Approximation Algorithms for Network Connectivity Problems

Title: Approximation Algorithms for Network Connectivity Problems
Authors: Cameron, Amy
Date: 2012
Abstract: In this dissertation, we examine specific network connectivity problems, and achieve improved approximation algorithm and integrality gap results for them. We introduce an important new, highly useful and applicable, network connectivity problem - the Vital Core Connectivity Problem (VCC). Despite its many practical uses, this problem has not been previously studied. We present the first constant factor approximation algorithm for VCC, and provide an upper bound on the integrality gap of its linear programming relaxation. We also introduce a new, useful, extension of the minimum spanning tree problem, called the Extended Minimum Spanning Tree Problem (EMST), that is based on a special case of VCC; and provide both a polynomial-time algorithm and a complete linear description for it. Furthermore, we show how to generalize this new problem to handle numerous disjoint vital cores, providing the first complete linear description of, and polynomial-time algorithm for, the generalized problem. We examine the Survivable Network Design Problem (SNDP) with multiple copies of edges allowed in the solution (multi-SNDP), and present a new approximation algorithm for which the approximation guarantee is better than that of the current best known for certain cases of multi-SNDP. With our method, we also obtain improved bounds on the integrality gap of the linear programming relaxation of the problem. Furthermore, we show the application of these results to variations of SNDP. We investigate cases where the optimal values of multi-SNDP and SNDP are equal; and we present an improvement on the previously best known integrality gap bound and approximation guarantee for the special case of SNDP with metric costs and low vertex connectivity requirements, as well as for the similar special case of the Vertex Connected Survivable Network Design Problem (VC-SNDP). The quality of the results that one can obtain for a given network design problem often depends on its integer linear programming formulation, and, in particular, on its linear programming relaxation. In this connection, we investigate formulations for the Steiner Tree Problem (ST). We propose two new formulations for ST, and investigate their strength in terms of their associated integrality gaps.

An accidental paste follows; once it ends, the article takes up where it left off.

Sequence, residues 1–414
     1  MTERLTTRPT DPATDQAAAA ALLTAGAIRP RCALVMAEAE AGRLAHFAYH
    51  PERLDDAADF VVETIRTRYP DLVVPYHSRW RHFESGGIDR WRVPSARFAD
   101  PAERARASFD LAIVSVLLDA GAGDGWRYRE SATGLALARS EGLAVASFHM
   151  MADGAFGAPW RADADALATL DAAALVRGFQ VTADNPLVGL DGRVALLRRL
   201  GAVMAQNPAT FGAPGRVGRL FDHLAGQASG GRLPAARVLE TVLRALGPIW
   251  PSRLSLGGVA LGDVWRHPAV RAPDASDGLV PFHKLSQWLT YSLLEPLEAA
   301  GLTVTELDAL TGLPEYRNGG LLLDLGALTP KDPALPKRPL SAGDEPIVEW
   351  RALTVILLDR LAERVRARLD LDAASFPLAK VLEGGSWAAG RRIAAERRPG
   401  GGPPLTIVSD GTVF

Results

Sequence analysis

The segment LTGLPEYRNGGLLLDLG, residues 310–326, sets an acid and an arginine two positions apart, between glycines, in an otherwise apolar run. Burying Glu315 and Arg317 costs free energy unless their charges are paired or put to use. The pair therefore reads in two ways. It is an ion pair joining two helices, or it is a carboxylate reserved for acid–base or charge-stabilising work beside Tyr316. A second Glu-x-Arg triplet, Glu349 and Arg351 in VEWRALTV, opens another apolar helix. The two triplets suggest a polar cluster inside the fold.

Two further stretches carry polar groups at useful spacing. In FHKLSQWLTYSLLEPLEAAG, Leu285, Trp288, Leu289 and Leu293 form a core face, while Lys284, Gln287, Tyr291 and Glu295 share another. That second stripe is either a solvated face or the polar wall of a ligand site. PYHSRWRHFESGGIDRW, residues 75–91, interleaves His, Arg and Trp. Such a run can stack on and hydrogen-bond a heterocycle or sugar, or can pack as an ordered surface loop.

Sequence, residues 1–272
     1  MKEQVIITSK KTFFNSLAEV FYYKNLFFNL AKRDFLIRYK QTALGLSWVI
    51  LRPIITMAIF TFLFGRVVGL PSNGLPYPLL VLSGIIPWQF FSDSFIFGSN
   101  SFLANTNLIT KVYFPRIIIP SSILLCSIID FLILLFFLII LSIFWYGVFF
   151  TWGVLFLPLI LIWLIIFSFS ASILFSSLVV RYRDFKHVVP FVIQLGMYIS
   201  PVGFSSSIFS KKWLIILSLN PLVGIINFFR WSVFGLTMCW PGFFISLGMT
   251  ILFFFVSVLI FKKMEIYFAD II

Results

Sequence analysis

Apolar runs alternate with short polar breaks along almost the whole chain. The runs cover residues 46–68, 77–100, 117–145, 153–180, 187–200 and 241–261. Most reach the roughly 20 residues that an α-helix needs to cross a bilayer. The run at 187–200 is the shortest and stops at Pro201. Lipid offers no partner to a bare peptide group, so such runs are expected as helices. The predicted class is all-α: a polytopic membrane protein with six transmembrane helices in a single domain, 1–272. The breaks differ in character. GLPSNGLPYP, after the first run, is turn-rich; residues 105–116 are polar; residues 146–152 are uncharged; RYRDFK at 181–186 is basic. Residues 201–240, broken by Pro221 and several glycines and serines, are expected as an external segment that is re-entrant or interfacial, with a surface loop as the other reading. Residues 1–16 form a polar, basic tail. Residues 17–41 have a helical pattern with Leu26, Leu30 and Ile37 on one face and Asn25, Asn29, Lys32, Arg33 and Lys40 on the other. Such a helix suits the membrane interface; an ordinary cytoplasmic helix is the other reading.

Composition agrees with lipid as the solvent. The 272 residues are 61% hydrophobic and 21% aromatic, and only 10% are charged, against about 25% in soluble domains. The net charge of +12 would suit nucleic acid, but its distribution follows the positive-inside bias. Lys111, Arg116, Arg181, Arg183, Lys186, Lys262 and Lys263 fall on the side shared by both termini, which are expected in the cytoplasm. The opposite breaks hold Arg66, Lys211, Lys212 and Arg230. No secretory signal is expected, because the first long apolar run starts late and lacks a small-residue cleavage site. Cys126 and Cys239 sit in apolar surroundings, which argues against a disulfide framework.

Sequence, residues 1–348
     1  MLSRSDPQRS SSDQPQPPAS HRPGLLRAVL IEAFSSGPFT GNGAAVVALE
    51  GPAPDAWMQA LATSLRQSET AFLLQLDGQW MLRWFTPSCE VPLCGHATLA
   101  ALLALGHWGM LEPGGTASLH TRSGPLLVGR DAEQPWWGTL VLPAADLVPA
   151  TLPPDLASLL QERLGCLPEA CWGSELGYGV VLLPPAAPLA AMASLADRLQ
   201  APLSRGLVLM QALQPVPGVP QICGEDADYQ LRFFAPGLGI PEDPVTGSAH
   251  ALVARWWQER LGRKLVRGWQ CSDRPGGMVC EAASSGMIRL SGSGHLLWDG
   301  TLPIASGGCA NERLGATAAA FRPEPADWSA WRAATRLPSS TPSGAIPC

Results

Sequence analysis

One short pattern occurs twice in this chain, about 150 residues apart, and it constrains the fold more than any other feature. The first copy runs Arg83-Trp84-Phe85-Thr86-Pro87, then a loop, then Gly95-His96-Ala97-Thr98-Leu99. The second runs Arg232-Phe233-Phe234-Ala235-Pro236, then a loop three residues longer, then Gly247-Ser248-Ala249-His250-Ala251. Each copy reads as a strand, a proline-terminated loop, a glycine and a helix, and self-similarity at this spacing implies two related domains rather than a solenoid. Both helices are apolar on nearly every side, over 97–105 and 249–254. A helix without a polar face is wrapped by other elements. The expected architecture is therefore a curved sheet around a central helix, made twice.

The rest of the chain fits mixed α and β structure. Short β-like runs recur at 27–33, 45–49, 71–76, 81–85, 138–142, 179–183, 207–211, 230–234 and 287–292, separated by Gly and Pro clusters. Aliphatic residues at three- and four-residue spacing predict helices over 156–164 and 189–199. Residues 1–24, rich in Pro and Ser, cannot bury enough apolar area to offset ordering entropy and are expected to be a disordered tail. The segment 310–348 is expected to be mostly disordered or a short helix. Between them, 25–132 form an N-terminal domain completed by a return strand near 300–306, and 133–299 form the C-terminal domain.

CollectionThèses, 2011 - // Theses, 2011 -